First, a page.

The Phantom Menace visual effects supervisor Scott Squires, who oversaw perhaps the most intensive use of lightsabers in the Darth Maul / Qui-Gon Jinn / Obi-Wan Kenobi duel, worked closely with the compositors to find the right look for these sabers.
“We would need to consider things like, what is the balance between the hot core and the glow around the saber?” recalls Squires. “Or if they swing the blade quite a bit, how do you spread that out? Are you doing it realistically, or are you doing it cinematically? Because you want that big glow there, but if it was a quick wipe, then you’d have less of an exposure there across that one arc.”
One issue during that duel sequence was when the characters appeared in front of the bright power tubes – “now you’re dealing with colored lights on top of colored lights and you’re trying to make it stand out, but also look realistic and normal. It was always a challenging process,” notes Squires.
A lightsaber bible
Having introduced the world to scores of digital lightsaber shots in Episode I, ILM decided for Episodes II and III to adopt a similar procedure for crafting articulated roto-mattes and compositing treatments, but then have a single person oversee the rotoscoping side of the work in order to ensure a high level of consistency. That person was Alan Travis, who had worked in film scanning and recording on The Phantom Menace and later moved into digital paint and rotoscoping for other films and for the rest of the prequels.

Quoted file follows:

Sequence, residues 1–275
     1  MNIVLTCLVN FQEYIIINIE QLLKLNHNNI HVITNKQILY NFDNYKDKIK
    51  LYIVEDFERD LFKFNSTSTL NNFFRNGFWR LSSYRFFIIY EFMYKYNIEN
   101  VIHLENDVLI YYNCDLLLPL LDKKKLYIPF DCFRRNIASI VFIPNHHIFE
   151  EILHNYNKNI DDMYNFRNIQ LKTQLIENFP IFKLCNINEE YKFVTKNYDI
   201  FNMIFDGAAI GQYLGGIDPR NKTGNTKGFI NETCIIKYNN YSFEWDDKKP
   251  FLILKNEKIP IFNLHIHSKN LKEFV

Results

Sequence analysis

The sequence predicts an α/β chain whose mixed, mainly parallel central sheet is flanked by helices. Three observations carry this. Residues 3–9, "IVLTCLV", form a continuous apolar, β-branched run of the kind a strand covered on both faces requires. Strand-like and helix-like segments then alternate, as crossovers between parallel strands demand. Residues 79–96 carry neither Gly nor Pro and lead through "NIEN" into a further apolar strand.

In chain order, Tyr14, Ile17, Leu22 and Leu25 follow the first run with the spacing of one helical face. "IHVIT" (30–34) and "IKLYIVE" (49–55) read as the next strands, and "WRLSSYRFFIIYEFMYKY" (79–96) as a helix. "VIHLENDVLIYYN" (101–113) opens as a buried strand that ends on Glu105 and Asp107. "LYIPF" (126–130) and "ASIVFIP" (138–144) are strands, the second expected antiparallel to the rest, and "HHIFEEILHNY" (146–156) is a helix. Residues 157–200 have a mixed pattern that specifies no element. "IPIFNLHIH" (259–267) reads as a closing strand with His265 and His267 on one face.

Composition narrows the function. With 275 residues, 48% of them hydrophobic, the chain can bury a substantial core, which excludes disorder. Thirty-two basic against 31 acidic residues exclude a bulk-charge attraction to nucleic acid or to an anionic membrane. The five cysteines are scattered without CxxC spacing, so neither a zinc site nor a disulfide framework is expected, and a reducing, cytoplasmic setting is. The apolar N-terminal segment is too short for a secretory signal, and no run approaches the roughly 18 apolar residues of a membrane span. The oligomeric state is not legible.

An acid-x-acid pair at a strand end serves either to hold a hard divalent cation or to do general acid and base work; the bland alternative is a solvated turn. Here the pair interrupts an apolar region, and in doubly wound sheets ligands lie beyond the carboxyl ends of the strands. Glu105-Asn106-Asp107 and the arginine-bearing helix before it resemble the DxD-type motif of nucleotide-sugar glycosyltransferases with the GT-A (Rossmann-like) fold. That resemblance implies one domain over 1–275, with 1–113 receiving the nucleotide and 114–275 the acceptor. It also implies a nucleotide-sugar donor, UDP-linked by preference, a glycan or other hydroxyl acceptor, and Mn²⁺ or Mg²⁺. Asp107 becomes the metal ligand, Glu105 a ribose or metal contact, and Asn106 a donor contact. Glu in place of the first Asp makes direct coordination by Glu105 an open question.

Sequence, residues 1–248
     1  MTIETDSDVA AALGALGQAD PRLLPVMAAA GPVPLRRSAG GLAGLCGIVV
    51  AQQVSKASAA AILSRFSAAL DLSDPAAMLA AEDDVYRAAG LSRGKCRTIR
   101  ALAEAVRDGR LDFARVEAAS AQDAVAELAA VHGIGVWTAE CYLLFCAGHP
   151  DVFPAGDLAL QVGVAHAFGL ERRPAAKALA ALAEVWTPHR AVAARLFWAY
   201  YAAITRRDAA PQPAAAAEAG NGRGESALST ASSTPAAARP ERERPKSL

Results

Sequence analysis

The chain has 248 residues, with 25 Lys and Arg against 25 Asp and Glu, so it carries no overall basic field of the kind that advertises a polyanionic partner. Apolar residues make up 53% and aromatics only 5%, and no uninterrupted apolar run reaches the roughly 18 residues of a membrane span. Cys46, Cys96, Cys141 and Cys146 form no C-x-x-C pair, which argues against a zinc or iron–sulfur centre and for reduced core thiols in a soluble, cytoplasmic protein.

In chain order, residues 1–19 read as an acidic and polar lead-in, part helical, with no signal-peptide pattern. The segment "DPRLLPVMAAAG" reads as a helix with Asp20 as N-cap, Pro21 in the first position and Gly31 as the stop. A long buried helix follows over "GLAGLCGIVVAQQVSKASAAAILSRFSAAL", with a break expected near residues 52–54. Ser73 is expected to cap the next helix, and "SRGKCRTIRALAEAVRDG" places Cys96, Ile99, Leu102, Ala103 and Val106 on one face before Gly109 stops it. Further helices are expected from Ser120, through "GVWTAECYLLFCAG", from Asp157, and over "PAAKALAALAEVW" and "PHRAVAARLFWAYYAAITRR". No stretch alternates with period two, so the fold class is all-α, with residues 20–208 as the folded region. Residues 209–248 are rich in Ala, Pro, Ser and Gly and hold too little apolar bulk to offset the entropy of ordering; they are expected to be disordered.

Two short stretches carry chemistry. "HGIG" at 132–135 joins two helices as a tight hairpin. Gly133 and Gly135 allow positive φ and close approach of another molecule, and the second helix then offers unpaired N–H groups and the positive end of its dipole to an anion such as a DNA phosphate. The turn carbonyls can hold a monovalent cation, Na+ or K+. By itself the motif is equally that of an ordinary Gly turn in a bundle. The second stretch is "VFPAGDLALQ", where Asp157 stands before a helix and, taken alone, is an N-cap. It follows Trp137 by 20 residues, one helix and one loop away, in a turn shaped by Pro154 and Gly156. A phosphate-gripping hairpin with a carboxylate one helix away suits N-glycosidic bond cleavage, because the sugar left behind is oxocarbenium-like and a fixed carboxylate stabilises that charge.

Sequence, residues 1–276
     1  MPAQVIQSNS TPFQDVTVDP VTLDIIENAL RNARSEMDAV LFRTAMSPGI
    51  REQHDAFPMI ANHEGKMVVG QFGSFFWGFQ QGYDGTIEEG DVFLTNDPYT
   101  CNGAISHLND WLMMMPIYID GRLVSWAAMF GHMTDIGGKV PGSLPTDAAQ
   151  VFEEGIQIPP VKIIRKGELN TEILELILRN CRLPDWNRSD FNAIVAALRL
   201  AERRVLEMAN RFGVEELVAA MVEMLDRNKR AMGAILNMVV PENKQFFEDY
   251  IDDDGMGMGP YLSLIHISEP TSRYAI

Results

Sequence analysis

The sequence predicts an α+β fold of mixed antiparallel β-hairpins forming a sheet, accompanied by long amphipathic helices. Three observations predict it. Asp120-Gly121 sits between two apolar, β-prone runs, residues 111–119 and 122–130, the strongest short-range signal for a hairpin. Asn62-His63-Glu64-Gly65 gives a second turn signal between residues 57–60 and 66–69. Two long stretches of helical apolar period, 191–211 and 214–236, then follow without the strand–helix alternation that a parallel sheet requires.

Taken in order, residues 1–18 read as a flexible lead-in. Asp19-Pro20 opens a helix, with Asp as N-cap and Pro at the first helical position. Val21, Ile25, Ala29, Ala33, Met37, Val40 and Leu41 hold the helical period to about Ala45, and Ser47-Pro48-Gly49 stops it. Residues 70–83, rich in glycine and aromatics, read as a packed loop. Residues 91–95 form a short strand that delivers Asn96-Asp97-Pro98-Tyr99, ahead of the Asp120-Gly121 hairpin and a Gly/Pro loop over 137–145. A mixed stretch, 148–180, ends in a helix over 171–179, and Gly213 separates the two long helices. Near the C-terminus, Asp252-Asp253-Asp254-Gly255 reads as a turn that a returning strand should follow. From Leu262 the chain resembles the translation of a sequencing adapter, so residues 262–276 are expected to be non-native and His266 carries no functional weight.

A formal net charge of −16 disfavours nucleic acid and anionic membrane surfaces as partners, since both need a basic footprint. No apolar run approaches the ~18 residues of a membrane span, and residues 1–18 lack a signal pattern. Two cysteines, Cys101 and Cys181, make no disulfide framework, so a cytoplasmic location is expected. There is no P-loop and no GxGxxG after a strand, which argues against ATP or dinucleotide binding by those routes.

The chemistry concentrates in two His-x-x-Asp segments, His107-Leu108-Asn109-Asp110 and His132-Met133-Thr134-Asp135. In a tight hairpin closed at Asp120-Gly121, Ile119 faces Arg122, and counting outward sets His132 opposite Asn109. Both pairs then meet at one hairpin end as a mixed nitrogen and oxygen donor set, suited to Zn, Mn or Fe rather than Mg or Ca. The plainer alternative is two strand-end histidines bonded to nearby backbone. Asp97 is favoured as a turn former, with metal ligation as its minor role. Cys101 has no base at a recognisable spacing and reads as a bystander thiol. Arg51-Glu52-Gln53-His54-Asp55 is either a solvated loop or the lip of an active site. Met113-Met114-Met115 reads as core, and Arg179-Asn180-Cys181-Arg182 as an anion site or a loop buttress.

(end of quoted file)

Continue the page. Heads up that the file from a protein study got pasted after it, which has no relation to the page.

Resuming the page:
“By the time we got to Attack of the Clones, we came up with a bible of how the lightsabers should look and what they do in certain situations,” outlines Travis, who credits ILM rotoscope and paint supervisors Jack Mongovan and Susan Kelly-Andrews, among many other artists, as helping to establish the workflow on The Phantom Menace.
The lightsaber bible was made up of several steps – and still utilized mostly Matador for roto and CompTime for compositing. The process started with what Travis describes as the ‘at rest’ shape. “That began as a roto-matte that was animated throughout the entire range. We would generally try and follow what the actors would be carrying, i.e. a prop lightsaber with a usually green stick that was coming out of the end of it. And when they photographed it you could see the green stick kind of ‘fanning’. So you got kind of a good suggestion of what the lightsaber blades should do, because you could see the motion blur of the green stick and the plate.”
Roto artists followed the shape of the green stick as much as possible, unless there was no stick or if it was bent slightly. “At the same time,” notes Travis, “we would also put our own kind of a artistic touch to it. We tended to always make them a little bit longer depending on the shot. We always wanted to always make the sabers a little more impressive. So we would always pile a little bit of an aesthetic subjectivity into them as we were going through.”
The rotoscoped lightsaber ended up as predominantly an eight point shape, “with three points at the base to give you the ability to control the volume of where it met the prop,” says Travis. “You could move those points around to suggest volume. And then you had five points at the tip and you could use those to make the fanning of the blade as it was swirled.”